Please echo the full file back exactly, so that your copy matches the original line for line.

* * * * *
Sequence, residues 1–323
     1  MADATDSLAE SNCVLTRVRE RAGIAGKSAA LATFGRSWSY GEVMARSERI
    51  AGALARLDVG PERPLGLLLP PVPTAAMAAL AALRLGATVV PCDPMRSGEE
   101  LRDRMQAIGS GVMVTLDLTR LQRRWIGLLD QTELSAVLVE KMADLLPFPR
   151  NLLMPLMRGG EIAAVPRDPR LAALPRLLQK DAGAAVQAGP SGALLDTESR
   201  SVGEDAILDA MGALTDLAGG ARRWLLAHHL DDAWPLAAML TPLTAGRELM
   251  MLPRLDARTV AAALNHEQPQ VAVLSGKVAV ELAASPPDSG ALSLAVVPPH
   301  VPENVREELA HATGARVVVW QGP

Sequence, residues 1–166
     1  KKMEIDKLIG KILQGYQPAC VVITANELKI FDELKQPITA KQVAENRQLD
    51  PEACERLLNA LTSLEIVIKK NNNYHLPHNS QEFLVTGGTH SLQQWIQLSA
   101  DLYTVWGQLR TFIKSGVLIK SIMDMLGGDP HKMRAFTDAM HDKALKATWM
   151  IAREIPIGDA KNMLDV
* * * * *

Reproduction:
Sequence, residues 1–323
     1  MADATDSLAE SNCVLTRVRE RAGIAGKSAA LATFGRSWSY GEVMARSERI
    51  AGALARLDVG PERPLGLLLP PVPTAAMAAL AALRLGATVV PCDPMRSGEE
   101  LRDRMQAIGS GVMVTLDLTR LQRRWIGLLD QTELSAVLVE KMADLLPFPR
   151  NLLMPLMRGG EIAAVPRDPR LAALPRLLQK DAGAAVQAGP SGALLDTESR
   201  SVGEDAILDA MGALTDLAGG ARRWLLAHHL DDAWPLAAML TPLTAGRELM
   251  MLPRLDARTV AAALNHEQPQ VAVLSGKVAV ELAASPPDSG ALSLAVVPPH
   301  VPENVREELA HATGARVVVW QGP

Sequence, residues 1–166
     1  KKMEIDKLIG KILQGYQPAC VVITANELKI FDELKQPITA KQVAENRQLD
    51  PEACERLLNA LTSLEIVIKK NNNYHLPHNS QEFLVTGGTH SLQQWIQLSA
   101  DLYTVWGQLR TFIKSGVLIK SIMDMLGGDP HKMRAFTDAM HDKALKATWM
   151  IAREIPIGDA KNMLDV